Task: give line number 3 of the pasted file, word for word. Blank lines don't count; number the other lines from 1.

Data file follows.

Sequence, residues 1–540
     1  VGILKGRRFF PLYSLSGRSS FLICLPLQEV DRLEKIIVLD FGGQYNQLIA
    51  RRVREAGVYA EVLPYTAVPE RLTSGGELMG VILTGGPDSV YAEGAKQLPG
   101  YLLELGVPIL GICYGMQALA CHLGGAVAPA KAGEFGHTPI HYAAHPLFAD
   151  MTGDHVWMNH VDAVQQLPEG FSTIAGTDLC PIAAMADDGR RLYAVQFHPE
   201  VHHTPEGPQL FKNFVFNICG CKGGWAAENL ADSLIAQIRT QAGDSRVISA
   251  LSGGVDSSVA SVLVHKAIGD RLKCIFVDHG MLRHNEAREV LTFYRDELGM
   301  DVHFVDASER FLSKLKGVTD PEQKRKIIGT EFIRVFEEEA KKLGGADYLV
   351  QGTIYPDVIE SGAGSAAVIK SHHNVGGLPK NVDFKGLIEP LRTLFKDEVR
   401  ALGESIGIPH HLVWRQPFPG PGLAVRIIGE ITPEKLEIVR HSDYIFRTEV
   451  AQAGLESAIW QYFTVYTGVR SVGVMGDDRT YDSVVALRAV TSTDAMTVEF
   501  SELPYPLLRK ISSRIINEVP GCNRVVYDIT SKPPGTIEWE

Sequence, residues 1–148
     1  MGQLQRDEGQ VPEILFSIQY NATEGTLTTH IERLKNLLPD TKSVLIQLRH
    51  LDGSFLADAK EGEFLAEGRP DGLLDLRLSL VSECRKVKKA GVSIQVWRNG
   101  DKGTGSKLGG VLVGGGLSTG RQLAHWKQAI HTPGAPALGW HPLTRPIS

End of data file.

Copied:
    51  RRVREAGVYA EVLPYTAVPE RLTSGGELMG VILTGGPDSV YAEGAKQLPG